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Watering the right amount at the right time is essential to your plants’ well-being. Plants have a way of communicating to us through the color of their leaves when they receive too much or too little water. Find out if your kindness is killing them.
Water – check. Repotted soil – check.
Ample sunlight – check. No pests – check.
A quick look at the checklist says everything’s taken care of. So, what’s killing them?
Sometimes you wish there was a plant doctor who could diagnose what’s wrong with the plants, don’t you? I definitely do. But, you learn some invaluable lessons over time by observation.
It’s easy to step over the fine line between caring for plants and overdoing it. As Stephanie Donaldson says, our kindness can prove fatal for houseplants. Over-watering or lack of water are the most common reasons for healthy houseplants dying with a couple of weeks after being brought from the nursery.
HOW TO IDENTIFY OVER-WATERING:
Look at the images below.
If your plants look anything like this, then it is an indication of overwatering. Take a closer look at the leaves. Towards the bottom of the plant, close to its roots, the leaves have turned yellow, and the plant is bent outside.
HOW TO SAVE PLANTS THAT GOT TOO MUCH WATER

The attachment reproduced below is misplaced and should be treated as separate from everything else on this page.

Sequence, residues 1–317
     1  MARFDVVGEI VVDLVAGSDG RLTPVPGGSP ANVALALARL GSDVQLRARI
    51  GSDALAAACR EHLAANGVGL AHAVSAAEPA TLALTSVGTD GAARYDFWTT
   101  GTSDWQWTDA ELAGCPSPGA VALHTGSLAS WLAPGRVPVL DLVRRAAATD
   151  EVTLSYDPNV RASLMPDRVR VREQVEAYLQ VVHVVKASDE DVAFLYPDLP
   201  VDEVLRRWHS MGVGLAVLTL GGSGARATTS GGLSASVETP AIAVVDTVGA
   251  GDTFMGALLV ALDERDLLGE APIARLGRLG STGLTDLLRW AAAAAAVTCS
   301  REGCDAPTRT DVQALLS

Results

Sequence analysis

The immediate question that pops to one mind is if you can save the plants? Yes and no. Yes, if you notice the first few yellow leaves at the bottom and stop watering for a while giving the plant enough time to recoup and get back to its healthy state. If you continue with the same watering pattern as before, it will give away sooner than later.
Move it to a sunny spot and let the water dry. ensure the drainage holes are not blocked. If they are, then repot the plant after placing some pebbles at the bottom.
The plant cannot be rescued if it has already lost more than 50% of its leaves before you start taking action. This will often result in root rotting. I’ve found it’s always easier to rescue a under-watered plant than a over-watered one.
ARE YOUR PLANTS RECEIVING LESS WATER?
If the leaves turn brown towards the top of the plant and wither, it indicates the plant is dying for lack of moisture and needs to be watered more frequently. Always, dip your finger on the surface of the pot to gauge the moistness. If it feels dry, you need to water it. Excess water will come out through the drain holes. On the other hand, if the surface is cracking, it means it’s been a while you paid attention to the greens in your balcony.